I climbed into bed on October 11 excited: for the first time in years, I could pinpoint what I was feeling — I was happy. Pure, simple happiness, something that had eluded me for years in the throes of depression and anxiety as a teenager, was a feeling I could recognize again. Wow, I thought, maybe this will be my year.
Over the past few months, a recurring topic in news conversation has been the plight of refugees from Syria. Recently, European nations such as Germany have contemplated whether to extend asylum to many of the estimated 6.5 million individuals displaced within Syria, and the 3.5 million who have fled to neighboring nations. The Syrian Civil War began in 2011, and with growing instability in the region due to the growth of groups such as ISIS, much of the previous infrastructure has eroded, including the country’s health care and public health systems. There are a number of concerns for the health of refugees trapped in Syria, and for those who have found asylum in countries across the globe.
I was sitting in class on Tuesday, October 6, when one of my friends showed me a link about a local college that was under lockdown, as we often do with current events. But this time, after seeing the message, I felt my stomach sink. My heart was in my throat. My mind instantly flooded with thoughts. Did my mom go to work this morning? Was she teaching today? I hadn’t heard from her since last night. The school was the Community College of Philadelphia (CCP).
Just last month, the Supreme Court issued a ruling declaring bans on same-sex marriage illegal. While many hail this as a major step in the quest for equality, equity in health outcomes is still lacking in the lesbian, gay, bisexual, and transgender community. Many clinicians and prospective clinicians do not receive significant training in how to address the unique needs of members of the LGBT population.
“Medicine is a team sport,” said one of many administrators who spoke to my class during medical school orientation. This utterance rang true to me, as I have always believed that medicine relies on people working together in a cooperative and respectful manner. Yet, what I never imagined is just how challenging it is to work in a group when you are the most passive person in a room. I came into medical school shy and feeling a little out of place.
Every other person in my family assured me I have nothing to fear, that I shouldn’t toss and turn in my bed at night feeling powerless because I’m in Philadelphia, thousands of miles away from India. Most days I reminded myself that to go to India I must first drag myself across the finish line of first year. But late at night alone in my apartment, I was haunted by lab values. I wracked my brain over the latest hemoglobin, sodium, potassium and chest x-ray. What am I missing? Is there something I can see that doctors with hundreds of years of collective experience cannot? The reality is that I didn’t have the answers for the people I love, and that thought terrified me more than anything.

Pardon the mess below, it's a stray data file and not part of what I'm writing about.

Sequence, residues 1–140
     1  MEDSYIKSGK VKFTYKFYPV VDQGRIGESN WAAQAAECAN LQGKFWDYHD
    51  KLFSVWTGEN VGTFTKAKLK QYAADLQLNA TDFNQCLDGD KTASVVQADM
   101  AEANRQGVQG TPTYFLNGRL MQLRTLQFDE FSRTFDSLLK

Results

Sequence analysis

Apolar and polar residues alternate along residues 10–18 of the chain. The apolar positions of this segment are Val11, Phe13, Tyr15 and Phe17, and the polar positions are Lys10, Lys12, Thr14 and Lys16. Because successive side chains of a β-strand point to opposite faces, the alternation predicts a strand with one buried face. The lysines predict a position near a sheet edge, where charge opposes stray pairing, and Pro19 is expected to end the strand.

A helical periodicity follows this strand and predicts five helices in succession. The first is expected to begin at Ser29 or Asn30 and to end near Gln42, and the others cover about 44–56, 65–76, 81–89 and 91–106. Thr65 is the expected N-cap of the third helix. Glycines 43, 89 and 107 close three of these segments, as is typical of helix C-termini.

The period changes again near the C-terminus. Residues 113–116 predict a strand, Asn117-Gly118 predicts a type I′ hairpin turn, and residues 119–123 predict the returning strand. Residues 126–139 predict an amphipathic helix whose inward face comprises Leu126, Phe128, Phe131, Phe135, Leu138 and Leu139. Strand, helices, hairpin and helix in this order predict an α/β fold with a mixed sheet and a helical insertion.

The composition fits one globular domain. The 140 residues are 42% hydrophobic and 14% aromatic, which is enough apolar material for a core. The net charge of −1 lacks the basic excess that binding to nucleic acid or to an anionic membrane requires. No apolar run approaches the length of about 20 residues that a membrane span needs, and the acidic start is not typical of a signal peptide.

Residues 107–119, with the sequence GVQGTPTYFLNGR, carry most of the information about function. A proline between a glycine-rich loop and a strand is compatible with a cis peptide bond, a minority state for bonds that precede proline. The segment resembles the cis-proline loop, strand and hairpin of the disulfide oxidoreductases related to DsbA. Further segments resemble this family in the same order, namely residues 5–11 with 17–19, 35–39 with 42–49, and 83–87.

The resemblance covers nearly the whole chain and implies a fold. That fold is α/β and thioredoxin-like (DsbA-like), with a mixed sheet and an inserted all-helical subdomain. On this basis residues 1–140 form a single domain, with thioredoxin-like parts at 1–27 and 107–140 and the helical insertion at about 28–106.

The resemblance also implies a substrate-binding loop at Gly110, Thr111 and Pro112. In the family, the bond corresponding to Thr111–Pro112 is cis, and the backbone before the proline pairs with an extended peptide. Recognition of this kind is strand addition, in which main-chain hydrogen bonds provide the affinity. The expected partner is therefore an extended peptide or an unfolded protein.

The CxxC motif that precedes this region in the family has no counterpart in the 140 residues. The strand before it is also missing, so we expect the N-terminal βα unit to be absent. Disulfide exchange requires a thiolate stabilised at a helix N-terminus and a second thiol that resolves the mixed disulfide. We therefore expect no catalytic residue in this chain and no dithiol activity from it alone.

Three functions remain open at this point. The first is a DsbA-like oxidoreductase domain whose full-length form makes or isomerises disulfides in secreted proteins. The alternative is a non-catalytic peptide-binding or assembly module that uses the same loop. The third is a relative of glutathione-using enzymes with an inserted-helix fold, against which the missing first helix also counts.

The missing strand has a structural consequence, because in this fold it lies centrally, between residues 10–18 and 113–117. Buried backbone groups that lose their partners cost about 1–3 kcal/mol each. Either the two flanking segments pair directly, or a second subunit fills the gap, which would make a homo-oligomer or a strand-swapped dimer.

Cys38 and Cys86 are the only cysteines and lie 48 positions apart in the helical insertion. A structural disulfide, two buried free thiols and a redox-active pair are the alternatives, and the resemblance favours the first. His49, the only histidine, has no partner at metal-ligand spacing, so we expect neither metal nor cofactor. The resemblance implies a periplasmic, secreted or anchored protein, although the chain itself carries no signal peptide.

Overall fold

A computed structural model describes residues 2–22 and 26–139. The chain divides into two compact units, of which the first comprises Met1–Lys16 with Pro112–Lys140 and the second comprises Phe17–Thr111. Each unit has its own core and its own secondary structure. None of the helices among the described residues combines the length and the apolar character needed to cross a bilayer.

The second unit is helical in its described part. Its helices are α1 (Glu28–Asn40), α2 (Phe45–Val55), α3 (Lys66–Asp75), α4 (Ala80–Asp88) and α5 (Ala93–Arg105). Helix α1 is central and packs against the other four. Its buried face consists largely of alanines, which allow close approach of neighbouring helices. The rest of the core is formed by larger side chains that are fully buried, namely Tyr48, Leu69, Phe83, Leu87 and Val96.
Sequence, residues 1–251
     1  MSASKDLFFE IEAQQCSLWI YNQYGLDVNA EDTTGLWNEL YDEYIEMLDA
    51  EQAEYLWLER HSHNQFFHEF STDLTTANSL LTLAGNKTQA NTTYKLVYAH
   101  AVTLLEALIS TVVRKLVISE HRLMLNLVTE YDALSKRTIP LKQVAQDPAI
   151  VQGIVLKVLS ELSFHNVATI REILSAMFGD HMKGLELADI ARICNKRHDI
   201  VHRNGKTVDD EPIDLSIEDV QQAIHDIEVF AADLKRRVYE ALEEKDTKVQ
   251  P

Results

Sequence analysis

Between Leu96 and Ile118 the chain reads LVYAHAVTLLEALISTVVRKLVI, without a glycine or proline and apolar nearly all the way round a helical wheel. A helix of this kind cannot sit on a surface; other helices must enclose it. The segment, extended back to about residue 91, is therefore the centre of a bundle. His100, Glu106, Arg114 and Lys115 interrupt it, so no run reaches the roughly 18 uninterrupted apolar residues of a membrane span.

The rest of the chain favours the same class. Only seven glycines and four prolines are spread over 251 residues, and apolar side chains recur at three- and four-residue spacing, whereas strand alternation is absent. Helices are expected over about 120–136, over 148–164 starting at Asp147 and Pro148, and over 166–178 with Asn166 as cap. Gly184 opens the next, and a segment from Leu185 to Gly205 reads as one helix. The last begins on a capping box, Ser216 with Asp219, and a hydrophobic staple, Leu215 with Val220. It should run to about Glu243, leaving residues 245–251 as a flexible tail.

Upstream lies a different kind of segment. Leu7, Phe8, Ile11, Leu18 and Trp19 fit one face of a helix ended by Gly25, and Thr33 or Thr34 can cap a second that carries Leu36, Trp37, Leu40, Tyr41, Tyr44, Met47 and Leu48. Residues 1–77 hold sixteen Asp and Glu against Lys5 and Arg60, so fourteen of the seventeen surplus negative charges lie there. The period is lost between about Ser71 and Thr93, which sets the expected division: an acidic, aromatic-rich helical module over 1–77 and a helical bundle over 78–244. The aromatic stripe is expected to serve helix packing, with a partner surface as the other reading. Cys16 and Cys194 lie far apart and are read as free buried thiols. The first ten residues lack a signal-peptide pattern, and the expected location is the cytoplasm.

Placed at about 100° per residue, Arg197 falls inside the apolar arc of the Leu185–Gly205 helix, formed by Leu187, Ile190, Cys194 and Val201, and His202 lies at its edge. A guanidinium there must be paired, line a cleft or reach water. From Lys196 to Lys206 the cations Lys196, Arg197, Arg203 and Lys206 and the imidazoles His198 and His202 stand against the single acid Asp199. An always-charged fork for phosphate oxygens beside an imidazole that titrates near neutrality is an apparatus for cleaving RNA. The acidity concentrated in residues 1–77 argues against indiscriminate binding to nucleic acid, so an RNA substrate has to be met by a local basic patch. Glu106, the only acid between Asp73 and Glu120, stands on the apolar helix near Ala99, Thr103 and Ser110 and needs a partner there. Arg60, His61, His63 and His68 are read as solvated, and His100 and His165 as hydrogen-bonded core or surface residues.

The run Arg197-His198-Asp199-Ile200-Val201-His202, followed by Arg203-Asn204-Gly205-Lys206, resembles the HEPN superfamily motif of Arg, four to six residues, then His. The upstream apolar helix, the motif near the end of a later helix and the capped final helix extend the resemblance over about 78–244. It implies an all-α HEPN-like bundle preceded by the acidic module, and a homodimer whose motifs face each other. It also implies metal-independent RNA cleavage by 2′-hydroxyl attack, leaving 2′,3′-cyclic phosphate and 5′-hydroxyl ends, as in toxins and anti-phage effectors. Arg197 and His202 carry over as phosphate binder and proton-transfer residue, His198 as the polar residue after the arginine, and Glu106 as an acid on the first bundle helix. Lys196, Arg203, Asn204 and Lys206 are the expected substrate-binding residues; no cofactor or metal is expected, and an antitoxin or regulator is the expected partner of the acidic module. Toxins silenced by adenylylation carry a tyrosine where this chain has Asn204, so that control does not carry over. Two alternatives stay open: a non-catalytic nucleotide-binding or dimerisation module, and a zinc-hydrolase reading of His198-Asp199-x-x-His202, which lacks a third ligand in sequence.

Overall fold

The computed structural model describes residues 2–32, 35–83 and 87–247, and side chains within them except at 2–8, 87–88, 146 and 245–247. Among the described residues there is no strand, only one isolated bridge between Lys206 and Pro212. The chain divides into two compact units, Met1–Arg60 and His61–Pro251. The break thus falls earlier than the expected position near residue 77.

Obamacare subsidies were upheld Thursday as the Supreme Court issued its decision on King v. Burwell. Here is your two minute brief on what the decision means.
As medical students we’re told over and over to treat the whole patient, emphasizing unity of body, mind and spirit, recognizing the things that make us unique: upbringing, culture, values and beliefs. But on the way to achieving this holistic view of our patients, we often lose ourselves in the process. Barraged with metabolic pathways, pathological markers and exams, medical school tends to become a zero sum emotional game.
Have you ever spent a night curled up in a ball of blankets rocking yourself, tears streaming down your cheeks, just wishing you could go to sleep and wake up a couple of months later? As a teenager, I had more of these nights than I did nights of restful sleep. There was no particular trigger. I had an idyllic childhood, growing up in a quiet suburb with a loving, supportive family.
Recently, Congress passed the so called “Doc-Fix” bill bringing about changes to the Medicare reimbursement structure. Understandably, there has been great confusion about what the implications of these changes are, particularly for future and current physicians. Here are some of the key changes taking place as a result of the bill’s passage.
Whether you’re a first-year trying to survive the last few hours, days or weeks of school, or you’re a seasoned third-year ready to start applying for residency programs, a crucial piece of legislation was just brought to Congress and it’s time to talk about it. As you may know, funding for residency programs has remained virtually stagnant since 1997. While the funding has remained consistent, enrollment in medical schools has increased nearly 30% since 2002. How have we accommodated the increased number of entering medical students in residency training programs?
In the past few weeks, there has been considerable press surrounding needle exchanges and the recently declared HIV epidemic in Indiana.
The first time I talked with my friends about needle exchanges, I had a visceral reaction. “Why would you give people new needles?” I asked, completely outraged. “Isn’t that enabling and therefore doing a disservice to the very people you’re trying to help?”